Circle of Hope Ousts Gay Congregant for “Speaking Too Publicly About Homosexuality”

Andrew Stahler standing outside a Circle of Hope location on South Broad Street.

Andrew Stahler standing outside a Circle of Hope location on South Broad Street. Photo courtesy of Jessica Kourkounis.

There’s a story in the current issue of City Paper about a gay man who was asked to leave Circle of Hope, a progressive church that prides itself on open-minded philosophies geared toward young worshippers, because he was “speaking too openly about homosexuality.”

Andrew Stahler says he began attending the church in 2009. He was an active member, attending sermons regularly, and was assured that his sexuality was not an issue. But things changed at OutFest that same year. The article reports:

At Center City’s annual OutFest in 2009, Stahler says he assisted a group of activists distributing fliers that listed LGBT-friendly churches. As he handed out hundreds of leaflets, Stahler saw that his own church wasn’t listed. Assuming it was a simple omission, he raised the issue with church leaders later on Circle of Hope’s email list.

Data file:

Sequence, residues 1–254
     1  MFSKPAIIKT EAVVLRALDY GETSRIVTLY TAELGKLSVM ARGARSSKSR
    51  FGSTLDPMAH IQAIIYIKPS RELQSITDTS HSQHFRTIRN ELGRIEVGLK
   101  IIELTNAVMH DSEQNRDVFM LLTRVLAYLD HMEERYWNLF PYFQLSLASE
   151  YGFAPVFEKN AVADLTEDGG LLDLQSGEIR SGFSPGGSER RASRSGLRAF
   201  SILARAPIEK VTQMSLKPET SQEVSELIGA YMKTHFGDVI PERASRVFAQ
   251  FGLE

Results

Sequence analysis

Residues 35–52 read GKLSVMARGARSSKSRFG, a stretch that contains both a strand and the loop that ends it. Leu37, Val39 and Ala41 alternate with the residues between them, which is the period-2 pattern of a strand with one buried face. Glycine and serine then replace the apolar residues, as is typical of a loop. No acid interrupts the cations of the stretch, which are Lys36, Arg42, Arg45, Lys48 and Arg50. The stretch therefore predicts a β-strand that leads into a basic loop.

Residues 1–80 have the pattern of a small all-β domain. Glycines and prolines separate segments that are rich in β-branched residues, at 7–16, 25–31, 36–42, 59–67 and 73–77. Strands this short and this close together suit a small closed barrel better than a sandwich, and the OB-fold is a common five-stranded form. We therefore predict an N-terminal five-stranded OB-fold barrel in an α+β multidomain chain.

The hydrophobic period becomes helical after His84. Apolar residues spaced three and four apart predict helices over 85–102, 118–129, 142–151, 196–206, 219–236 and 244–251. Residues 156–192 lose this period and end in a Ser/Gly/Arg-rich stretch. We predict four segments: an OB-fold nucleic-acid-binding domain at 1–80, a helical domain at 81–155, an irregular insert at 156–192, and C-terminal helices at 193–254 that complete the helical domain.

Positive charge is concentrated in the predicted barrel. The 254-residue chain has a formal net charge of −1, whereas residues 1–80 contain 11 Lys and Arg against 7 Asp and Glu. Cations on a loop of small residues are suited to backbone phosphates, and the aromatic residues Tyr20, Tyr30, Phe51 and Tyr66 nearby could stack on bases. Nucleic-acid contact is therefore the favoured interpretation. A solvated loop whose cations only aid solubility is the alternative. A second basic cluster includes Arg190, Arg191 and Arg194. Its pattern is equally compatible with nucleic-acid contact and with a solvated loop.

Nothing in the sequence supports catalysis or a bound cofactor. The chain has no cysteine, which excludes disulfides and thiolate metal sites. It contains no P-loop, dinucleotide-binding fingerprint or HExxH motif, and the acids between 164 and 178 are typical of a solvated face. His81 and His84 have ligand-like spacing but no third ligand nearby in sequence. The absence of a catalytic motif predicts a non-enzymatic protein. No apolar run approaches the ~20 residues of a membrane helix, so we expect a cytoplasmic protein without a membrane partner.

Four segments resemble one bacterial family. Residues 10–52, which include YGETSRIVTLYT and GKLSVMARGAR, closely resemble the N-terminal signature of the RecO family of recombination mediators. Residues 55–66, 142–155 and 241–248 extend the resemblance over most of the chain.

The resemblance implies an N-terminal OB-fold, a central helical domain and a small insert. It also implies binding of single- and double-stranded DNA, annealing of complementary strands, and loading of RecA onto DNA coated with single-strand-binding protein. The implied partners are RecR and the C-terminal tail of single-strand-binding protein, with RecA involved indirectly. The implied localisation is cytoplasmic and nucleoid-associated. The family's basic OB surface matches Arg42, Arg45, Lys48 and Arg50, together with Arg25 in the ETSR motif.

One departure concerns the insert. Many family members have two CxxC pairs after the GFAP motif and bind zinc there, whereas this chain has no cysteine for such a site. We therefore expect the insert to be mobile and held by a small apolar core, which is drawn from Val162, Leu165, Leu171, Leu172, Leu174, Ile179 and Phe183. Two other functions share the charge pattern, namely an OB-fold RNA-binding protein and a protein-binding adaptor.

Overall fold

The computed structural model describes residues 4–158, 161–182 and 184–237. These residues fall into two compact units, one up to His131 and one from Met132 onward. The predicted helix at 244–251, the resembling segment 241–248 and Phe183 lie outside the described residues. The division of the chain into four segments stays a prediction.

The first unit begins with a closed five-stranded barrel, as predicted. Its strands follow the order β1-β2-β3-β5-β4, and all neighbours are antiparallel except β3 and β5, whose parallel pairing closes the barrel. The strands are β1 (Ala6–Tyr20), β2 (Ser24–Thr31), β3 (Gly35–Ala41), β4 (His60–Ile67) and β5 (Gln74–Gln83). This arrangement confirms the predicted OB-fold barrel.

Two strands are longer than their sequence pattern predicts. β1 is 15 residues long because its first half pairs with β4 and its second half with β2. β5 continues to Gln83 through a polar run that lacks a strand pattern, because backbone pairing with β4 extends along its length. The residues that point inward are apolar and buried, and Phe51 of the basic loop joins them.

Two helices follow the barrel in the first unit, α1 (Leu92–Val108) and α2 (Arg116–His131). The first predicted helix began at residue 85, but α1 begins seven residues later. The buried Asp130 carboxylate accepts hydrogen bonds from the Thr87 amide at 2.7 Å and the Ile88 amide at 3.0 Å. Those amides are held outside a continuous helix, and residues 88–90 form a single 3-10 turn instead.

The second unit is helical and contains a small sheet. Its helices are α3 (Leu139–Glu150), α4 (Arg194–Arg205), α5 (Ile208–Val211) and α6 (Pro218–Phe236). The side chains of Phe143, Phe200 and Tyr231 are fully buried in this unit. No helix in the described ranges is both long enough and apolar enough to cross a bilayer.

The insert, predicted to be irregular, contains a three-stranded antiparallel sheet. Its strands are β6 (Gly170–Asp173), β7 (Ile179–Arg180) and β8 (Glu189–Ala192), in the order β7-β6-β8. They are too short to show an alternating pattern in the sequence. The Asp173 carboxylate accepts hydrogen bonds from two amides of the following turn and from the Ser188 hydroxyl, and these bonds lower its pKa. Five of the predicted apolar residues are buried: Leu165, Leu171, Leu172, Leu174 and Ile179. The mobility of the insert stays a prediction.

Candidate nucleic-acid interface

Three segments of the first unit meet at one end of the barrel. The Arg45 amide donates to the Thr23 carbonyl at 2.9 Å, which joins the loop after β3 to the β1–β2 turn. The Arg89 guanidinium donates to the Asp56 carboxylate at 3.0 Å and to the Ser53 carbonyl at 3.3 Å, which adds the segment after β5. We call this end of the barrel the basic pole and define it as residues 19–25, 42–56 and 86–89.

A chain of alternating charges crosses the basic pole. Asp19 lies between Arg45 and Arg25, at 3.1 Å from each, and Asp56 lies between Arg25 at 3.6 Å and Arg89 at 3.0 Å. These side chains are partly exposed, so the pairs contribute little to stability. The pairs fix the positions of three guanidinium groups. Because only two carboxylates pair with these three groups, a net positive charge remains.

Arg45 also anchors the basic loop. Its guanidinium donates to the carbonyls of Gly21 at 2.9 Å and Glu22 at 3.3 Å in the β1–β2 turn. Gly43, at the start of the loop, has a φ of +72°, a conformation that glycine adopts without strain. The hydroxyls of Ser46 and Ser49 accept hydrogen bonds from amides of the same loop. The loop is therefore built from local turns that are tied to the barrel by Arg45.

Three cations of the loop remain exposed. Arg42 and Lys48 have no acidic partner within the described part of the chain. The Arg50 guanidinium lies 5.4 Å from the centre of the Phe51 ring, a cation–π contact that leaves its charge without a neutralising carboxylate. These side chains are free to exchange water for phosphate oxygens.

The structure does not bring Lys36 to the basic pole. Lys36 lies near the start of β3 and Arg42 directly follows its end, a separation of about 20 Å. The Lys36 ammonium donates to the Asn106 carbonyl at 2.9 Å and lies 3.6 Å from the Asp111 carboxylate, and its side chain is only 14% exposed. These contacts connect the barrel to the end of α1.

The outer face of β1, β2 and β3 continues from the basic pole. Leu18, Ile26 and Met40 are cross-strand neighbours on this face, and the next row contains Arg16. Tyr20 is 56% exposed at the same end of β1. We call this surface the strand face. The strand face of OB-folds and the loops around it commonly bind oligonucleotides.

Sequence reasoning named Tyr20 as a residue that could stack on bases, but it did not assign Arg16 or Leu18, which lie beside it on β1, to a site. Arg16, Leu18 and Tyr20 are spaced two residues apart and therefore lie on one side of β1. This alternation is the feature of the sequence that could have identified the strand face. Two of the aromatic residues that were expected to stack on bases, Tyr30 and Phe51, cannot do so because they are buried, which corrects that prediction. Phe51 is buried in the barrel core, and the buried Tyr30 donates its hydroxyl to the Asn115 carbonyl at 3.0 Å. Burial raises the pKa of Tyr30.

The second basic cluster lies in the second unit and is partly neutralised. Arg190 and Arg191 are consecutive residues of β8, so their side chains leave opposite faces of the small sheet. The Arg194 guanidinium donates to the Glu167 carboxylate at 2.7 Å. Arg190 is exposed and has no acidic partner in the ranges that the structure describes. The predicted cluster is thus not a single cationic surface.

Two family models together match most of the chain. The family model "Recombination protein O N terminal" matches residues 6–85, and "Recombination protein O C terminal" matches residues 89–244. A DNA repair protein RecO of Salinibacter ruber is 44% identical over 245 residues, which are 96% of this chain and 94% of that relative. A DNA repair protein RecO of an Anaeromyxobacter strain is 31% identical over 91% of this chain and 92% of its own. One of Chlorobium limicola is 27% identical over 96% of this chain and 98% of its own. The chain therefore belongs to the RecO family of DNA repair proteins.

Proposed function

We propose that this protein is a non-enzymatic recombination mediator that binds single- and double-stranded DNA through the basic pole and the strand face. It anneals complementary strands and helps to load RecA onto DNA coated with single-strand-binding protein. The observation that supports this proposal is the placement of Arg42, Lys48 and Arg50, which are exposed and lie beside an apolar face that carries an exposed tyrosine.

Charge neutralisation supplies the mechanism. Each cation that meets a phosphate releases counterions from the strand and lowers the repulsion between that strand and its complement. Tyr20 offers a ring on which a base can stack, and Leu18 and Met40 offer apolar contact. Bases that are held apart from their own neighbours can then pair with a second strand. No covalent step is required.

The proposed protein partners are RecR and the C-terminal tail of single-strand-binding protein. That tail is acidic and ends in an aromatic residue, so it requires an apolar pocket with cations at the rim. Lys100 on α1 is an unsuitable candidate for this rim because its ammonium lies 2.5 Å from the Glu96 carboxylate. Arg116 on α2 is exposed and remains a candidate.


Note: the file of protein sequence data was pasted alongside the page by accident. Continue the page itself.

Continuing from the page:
A response came swiftly from Circle of Hope founder and senior pastor Rod White.

“We do not want to be divided up by gay political activism,” wrote White in an email. He criticized Stahler for sometimes attending another church and said that if he were truly devoted to Circle, he never would have broached the topic of homosexuality at all.

“You are not in covenant with us,” White continued, referring to an “oath” some congregants take to bond with the church. “Certainly not enough to resist promoting a divisive issue we have been successful at avoiding, so far.”

Stahler says he started receiving emails from Rashid, who wanted to set up a personal meeting to discuss his “role in the church.” At that meeting, Rashid gave him two options: stop talking about homosexuality or leave the church.

This is starting to sound like some freaky Tom-Cruse-scientology shit. When asked to explain the church’s actions, Rashid was oblivious. “I don’t really remember [the meeting] that well, so I’m not able to speak to Andy’s experiences. …  [Andy] never really connected, I don’t have a clear memory of him.”

But Briggs talked to another guy, John Bright, who had a similar experience. To continue reading, go here.